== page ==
Monetary policy affects financial markets and the broader economy in part by changing the risk appetite of investors. This article provides new evidence for this so-called risk-taking channel of monetary policy by revisiting and extending event-study analysis of Federal Open Market Committee announcements. We document significant effects of unexpected monetary policy changes on risk indicators drawn from equity, fixed-income, credit, and foreign exchange markets. We develop a new index of risk appetite based on the common component of these indicators. Surprise monetary easing leads to strong and persistent increases in our index, and vice versa for tightening surprises, consistent with the view that monetary policy affects asset prices in large part through its effects on risk appetite. We discuss the implications of the risk-taking channel for monetary policy transmission, optimal monetary policy, and financial stability.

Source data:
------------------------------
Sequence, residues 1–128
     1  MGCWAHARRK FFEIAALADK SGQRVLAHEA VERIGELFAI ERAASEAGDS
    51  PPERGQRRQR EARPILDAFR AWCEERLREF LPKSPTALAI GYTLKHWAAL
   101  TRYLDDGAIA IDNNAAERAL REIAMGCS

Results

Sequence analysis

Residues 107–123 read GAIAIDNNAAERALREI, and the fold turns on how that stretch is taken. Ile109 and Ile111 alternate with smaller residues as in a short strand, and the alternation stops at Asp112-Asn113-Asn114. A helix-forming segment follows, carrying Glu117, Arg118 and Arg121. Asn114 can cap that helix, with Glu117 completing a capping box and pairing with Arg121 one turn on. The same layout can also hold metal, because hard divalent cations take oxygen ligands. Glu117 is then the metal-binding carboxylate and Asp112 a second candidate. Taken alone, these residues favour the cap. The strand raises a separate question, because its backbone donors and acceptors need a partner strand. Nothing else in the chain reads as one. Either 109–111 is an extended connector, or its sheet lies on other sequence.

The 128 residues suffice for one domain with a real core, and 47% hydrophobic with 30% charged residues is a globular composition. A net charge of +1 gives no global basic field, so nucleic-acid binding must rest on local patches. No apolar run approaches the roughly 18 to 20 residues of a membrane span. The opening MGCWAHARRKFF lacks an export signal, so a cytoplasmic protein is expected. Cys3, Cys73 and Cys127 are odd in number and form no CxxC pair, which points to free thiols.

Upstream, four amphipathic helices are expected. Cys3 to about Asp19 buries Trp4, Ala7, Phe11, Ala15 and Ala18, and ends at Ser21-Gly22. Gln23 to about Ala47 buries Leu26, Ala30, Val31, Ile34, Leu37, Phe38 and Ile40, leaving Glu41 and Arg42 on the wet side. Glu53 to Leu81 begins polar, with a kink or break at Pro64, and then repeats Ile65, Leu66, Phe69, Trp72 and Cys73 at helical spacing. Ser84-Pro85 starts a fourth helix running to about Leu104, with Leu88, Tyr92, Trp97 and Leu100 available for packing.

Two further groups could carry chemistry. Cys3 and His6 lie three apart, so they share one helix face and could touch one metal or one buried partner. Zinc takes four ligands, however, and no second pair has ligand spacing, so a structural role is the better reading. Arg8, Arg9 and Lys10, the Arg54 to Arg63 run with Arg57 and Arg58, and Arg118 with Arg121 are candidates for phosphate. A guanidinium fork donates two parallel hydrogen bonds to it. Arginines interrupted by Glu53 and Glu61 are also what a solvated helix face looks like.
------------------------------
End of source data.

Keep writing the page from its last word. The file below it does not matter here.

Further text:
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(6) Landings, Soft and Hard: The Federal Reserve, 1965–2022

Alan S. Blinder

“Soft landings,” that is, cases in which the central bank tightens monetary policy to fight inflation but does not cause a recession (which would be a “hard landing”), are thought to be difficult to achieve and extremely rare. According to the conventional wisdom, the Federal Reserve has managed to achieve only one soft landing in the past 60 years—in 1994–1995. This paper studies the eleven episodes of monetary policy tightening by the Fed since 1965, and concludes that the central bank has a better record than that—that as long as the criteria for softness are not too stringent, and Fed was actually trying to land the economy softly, the Fed has succeeded several times. Achieving a soft landing, however, requires both skill in managing monetary policy and the absence of adverse external shocks.

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(7) Monetary Policy and Inequality

Alisdair McKay and Christian K. Wolf